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The End of Cheap China: Economic and Cultural Trends That Will Disrupt the World by Shaun Rein
business climate, credit crunch, Deng Xiaoping, Donald Trump, facts on the ground, glass ceiling, high net worth, illegal immigration, income per capita, indoor plumbing, job-hopping, Maui Hawaii, price stability, quantitative easing, Silicon Valley, Skype, South China Sea, Steve Jobs, thinkpad, trade route, trickle-down economics, upwardly mobile, urban planning, women in the workforce, young professional, zero-sum game
One of the main goals of Chinese firms is to buy Western companies to learn from them. When Chinese firms complete acquisitions, not only are most foreign management structures left untouched, but their best practices are often exported to China. China is constantly seeking to improve existing operations in the home market. Take, for instance, when Chinese computer maker Lenovo acquired IBM’s ThinkPad laptop line. There were few layoffs, and Lenovo actually poached senior executives from Dell to run their operations. They did not install senior Chinese officials until the business lost market share in the domestic Chinese market and the founder of Lenovo took back the helm, much as Michael Dell did when Dell’s business faced headwinds. In other words, America should welcome investment from Chinese companies instead of fearing it.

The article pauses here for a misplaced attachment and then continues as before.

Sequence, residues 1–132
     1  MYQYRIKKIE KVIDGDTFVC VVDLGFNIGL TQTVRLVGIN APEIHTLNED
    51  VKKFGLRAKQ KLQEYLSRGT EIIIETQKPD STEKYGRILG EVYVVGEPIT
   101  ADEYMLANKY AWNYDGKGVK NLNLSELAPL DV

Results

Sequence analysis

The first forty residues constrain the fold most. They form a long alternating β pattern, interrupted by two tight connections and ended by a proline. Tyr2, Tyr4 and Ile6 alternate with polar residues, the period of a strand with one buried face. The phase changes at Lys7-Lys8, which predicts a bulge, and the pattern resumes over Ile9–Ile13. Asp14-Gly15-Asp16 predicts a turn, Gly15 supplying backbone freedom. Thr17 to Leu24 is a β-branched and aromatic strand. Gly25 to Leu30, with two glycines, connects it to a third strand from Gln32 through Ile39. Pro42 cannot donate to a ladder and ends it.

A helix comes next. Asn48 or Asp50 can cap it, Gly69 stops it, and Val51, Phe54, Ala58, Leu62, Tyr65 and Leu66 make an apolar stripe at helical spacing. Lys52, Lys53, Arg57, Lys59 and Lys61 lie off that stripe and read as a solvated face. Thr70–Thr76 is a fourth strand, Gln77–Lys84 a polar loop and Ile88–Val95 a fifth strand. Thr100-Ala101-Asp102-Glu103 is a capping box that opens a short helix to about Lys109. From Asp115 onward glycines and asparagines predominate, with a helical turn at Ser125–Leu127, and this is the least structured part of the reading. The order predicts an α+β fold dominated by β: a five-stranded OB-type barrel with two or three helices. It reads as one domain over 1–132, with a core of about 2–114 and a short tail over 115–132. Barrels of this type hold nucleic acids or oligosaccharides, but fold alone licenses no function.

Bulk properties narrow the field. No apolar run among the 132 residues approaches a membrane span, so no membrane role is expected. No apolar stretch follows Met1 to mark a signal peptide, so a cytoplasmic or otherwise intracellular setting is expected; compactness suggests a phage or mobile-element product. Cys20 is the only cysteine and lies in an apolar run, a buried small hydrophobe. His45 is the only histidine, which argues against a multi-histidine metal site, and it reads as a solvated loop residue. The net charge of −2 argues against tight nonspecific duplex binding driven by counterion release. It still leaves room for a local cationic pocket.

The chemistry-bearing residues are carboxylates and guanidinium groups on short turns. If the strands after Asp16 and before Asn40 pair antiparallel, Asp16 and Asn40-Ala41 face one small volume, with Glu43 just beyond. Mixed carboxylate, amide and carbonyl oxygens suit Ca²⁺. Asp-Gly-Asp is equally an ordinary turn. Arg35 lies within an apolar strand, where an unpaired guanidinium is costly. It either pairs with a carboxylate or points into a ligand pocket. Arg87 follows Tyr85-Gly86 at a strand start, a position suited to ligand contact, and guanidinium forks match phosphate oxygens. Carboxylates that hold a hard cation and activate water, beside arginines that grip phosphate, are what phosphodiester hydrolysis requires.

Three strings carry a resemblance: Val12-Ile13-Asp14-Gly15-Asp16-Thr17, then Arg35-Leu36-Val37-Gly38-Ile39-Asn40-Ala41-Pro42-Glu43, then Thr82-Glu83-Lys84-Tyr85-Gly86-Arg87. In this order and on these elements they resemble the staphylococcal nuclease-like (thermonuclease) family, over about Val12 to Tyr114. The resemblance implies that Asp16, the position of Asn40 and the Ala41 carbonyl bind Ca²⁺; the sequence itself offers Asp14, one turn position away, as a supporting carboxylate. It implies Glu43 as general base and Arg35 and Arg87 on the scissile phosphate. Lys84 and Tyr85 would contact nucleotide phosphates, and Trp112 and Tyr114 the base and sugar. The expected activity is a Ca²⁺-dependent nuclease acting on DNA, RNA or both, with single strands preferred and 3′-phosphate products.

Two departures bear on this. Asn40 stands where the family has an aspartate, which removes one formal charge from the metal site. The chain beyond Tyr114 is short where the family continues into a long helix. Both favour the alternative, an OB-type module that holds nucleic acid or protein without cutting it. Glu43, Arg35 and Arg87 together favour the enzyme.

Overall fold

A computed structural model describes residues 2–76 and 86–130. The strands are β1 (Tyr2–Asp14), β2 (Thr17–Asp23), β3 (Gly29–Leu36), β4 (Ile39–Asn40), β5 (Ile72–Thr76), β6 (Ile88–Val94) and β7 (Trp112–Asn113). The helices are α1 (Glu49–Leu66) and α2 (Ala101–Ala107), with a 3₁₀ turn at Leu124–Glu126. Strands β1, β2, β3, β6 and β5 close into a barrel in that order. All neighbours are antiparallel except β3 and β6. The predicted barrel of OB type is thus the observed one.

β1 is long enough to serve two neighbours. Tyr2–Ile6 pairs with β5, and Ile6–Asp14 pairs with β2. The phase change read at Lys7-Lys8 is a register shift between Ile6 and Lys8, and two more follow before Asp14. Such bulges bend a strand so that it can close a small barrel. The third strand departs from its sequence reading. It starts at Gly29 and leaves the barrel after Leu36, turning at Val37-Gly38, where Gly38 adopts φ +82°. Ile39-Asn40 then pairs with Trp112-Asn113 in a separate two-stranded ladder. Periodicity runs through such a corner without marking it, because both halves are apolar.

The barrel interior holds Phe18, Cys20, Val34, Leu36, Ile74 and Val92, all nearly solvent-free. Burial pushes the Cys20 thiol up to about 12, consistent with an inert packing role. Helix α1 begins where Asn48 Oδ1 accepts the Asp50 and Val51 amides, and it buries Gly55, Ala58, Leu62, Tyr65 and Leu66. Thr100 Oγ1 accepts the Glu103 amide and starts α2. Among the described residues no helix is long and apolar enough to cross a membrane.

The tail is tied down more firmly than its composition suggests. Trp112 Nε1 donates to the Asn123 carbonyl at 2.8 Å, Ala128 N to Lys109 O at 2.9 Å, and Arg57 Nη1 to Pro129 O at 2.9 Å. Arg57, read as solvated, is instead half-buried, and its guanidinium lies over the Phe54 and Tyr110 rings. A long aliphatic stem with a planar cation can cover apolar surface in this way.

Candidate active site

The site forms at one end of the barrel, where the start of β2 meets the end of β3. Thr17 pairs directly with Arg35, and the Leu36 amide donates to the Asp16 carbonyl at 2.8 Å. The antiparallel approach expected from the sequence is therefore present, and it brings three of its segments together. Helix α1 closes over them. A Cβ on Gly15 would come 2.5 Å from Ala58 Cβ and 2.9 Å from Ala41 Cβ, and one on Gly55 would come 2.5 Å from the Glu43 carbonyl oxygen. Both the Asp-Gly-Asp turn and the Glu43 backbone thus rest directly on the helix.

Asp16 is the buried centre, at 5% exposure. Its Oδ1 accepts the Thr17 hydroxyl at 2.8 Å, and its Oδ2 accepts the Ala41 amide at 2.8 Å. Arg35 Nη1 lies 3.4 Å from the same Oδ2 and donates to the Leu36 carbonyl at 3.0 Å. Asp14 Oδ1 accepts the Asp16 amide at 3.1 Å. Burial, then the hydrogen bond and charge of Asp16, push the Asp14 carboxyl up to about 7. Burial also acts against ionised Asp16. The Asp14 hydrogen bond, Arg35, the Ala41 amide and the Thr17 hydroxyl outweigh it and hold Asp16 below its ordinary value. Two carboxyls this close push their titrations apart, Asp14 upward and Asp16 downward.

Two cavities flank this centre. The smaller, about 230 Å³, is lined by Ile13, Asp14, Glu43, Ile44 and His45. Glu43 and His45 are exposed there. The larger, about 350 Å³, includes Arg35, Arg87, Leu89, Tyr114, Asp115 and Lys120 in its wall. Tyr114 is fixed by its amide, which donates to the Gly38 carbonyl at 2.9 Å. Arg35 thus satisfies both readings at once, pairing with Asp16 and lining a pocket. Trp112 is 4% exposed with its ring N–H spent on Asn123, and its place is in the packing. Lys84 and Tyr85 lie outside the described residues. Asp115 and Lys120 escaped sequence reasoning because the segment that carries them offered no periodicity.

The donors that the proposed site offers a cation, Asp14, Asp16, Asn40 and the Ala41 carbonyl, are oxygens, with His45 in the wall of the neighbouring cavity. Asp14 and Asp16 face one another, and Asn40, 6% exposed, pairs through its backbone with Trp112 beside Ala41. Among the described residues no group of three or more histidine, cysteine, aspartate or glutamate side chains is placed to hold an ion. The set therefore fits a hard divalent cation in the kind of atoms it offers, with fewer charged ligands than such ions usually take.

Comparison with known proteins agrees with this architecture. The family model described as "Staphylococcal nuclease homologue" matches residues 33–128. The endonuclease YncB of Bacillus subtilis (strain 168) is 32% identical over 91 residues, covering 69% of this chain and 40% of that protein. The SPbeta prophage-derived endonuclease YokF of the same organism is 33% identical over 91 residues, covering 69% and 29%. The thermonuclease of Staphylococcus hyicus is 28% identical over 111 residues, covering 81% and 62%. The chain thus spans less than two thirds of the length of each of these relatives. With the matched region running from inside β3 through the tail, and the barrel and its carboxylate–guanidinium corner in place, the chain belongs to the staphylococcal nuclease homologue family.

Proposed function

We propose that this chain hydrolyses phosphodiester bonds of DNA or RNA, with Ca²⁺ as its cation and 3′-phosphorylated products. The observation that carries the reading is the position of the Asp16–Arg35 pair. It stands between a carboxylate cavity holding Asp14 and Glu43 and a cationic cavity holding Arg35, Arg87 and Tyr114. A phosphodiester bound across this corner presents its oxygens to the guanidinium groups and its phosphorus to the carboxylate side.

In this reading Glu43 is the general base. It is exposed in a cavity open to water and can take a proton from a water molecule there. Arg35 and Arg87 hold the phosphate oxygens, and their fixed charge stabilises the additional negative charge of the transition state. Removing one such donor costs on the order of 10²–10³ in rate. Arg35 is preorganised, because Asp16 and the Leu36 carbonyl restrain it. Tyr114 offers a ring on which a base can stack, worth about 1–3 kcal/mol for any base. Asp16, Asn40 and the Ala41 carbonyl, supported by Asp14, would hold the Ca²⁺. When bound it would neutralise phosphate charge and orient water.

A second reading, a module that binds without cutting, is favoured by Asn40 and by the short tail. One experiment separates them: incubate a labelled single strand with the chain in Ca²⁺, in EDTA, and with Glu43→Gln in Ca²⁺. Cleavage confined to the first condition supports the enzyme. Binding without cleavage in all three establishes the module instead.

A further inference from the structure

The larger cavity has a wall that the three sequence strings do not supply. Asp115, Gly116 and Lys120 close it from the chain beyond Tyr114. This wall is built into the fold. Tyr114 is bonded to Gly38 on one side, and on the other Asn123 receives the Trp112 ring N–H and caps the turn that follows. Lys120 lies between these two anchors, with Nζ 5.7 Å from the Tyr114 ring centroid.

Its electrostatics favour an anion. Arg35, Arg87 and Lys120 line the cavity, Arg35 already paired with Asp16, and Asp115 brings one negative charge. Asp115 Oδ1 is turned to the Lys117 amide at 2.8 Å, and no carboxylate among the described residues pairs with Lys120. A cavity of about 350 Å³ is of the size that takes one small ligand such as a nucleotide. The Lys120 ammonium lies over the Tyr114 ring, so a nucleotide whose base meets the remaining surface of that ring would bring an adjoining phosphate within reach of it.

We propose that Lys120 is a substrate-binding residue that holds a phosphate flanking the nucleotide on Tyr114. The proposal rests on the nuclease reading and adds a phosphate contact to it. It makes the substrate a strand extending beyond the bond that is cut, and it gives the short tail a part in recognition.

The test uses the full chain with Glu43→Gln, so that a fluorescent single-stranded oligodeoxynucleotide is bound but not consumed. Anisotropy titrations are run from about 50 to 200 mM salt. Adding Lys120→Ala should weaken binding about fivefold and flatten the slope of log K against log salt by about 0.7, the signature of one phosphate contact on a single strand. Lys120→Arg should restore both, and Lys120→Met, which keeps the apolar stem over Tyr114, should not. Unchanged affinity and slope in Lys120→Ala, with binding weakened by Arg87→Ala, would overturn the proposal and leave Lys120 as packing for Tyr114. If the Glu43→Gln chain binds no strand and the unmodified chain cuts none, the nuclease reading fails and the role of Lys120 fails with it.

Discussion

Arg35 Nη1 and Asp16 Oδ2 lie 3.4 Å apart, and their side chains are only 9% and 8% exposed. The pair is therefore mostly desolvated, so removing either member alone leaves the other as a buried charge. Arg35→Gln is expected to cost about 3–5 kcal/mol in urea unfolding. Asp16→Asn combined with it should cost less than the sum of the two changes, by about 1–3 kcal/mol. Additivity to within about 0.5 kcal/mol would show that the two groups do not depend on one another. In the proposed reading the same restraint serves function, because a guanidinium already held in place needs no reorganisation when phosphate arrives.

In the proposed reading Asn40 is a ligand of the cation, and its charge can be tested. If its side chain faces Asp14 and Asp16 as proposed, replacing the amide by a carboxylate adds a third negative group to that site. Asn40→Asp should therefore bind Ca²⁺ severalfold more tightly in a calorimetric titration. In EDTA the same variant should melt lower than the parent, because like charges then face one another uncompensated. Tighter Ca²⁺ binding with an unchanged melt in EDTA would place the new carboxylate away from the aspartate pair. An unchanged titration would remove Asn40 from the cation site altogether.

Chinese firms tend to acquire companies to buy brands for introduction into China, to cut the time needed for building brands, and to import technological know-how and management expertise. Unlike Japanese firms, they are less likely to cut the senior management of acquired companies or block the advancement of executives who are not native Chinese. For instance, when Chinese computer maker Lenovo acquired the IBM ThinkPad line, it installed an American chief executive officer. The chairman of Bright Food, which has bought stakes in companies such as Australia’s Manassen, announced that they would keep senior management in place to learn from them. Similarly, when Chinese auto manufacturer Geely bought the Swedish Volvo brand, it also retained senior management and took a comparatively hands-off approach to Volvo’s operations.
Paul’s School stability in Africa, lack of China’s economic growth and Chinese government, emphasis on Chinese government security spending gender equality and housing, lack of instability, China’s reaction to renminbi appreciation and Standard & Poor Standing Committee of the Politburo Starbucks students, in China academic research and exchange, need for funding African students, China’s desire for Chinese students, descriptions of Chinese students on American way of life exams and testing, emphasis on extra training taken by foreign students in foreign students in, benefits for international support for Taiwanese support for studying abroad Chinese government support of Chinese students, rise in Chinese students’ desire for subway construction Subway sandwich shop Sudan sugar industry Suning Super Girl (TV show) Suzhou, China Suzuki, Akira T Tabor Academy Taiwan China, diplomatic problems with foreign students in vs. China Foxconn Mandarin language programs in Taobao Target tariffs on Chinese imports by U.S. on luxury goods reduction of for free trade technology companies Tele2 Telenor Tencent Terex test scores, emphasis on ThinkPad 3Leaf Systems Three Tenors concert Tianamen Square protests Tianjin, China TIME magazine Times Square Titanic (film) tourists, Chinese catering and preparing for rates of travel for spending habits of Toyota traffic problems, in China travel Chinese restrictions on Chinese tourists, rates of travel for See also studying abroad Trudeau, Garry Trump, Donald trust, building consumer Tunisia Tushna (friend) Tutsi people Twitter Chinese government blocking of Sina Weibo vs.